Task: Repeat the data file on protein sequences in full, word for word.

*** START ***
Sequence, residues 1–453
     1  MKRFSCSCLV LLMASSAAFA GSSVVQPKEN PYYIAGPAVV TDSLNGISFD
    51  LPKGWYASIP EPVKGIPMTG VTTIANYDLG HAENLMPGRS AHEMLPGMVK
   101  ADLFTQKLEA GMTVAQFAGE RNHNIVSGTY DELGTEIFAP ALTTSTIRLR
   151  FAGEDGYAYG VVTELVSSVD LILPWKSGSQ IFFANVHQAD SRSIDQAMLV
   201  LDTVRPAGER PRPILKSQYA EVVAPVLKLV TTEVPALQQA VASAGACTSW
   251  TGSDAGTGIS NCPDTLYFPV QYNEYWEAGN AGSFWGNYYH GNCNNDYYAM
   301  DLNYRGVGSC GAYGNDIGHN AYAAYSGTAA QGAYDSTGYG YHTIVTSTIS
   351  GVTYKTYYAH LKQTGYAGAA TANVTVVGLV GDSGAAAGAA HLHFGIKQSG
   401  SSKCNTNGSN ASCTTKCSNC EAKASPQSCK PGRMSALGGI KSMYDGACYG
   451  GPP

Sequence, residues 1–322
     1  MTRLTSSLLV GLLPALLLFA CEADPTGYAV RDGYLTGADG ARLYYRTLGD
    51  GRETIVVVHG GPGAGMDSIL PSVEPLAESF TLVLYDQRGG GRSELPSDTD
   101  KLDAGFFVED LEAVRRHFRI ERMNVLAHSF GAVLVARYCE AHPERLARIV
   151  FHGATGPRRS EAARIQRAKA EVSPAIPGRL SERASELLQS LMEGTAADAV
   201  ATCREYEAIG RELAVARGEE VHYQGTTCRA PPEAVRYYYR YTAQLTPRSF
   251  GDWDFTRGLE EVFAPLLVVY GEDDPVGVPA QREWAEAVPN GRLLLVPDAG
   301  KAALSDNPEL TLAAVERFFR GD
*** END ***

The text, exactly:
Sequence, residues 1–453
     1  MKRFSCSCLV LLMASSAAFA GSSVVQPKEN PYYIAGPAVV TDSLNGISFD
    51  LPKGWYASIP EPVKGIPMTG VTTIANYDLG HAENLMPGRS AHEMLPGMVK
   101  ADLFTQKLEA GMTVAQFAGE RNHNIVSGTY DELGTEIFAP ALTTSTIRLR
   151  FAGEDGYAYG VVTELVSSVD LILPWKSGSQ IFFANVHQAD SRSIDQAMLV
   201  LDTVRPAGER PRPILKSQYA EVVAPVLKLV TTEVPALQQA VASAGACTSW
   251  TGSDAGTGIS NCPDTLYFPV QYNEYWEAGN AGSFWGNYYH GNCNNDYYAM
   301  DLNYRGVGSC GAYGNDIGHN AYAAYSGTAA QGAYDSTGYG YHTIVTSTIS
   351  GVTYKTYYAH LKQTGYAGAA TANVTVVGLV GDSGAAAGAA HLHFGIKQSG
   401  SSKCNTNGSN ASCTTKCSNC EAKASPQSCK PGRMSALGGI KSMYDGACYG
   451  GPP

Sequence, residues 1–322
     1  MTRLTSSLLV GLLPALLLFA CEADPTGYAV RDGYLTGADG ARLYYRTLGD
    51  GRETIVVVHG GPGAGMDSIL PSVEPLAESF TLVLYDQRGG GRSELPSDTD
   101  KLDAGFFVED LEAVRRHFRI ERMNVLAHSF GAVLVARYCE AHPERLARIV
   151  FHGATGPRRS EAARIQRAKA EVSPAIPGRL SERASELLQS LMEGTAADAV
   201  ATCREYEAIG RELAVARGEE VHYQGTTCRA PPEAVRYYYR YTAQLTPRSF
   251  GDWDFTRGLE EVFAPLLVVY GEDDPVGVPA QREWAEAVPN GRLLLVPDAG
   301  KAALSDNPEL TLAAVERFFR GD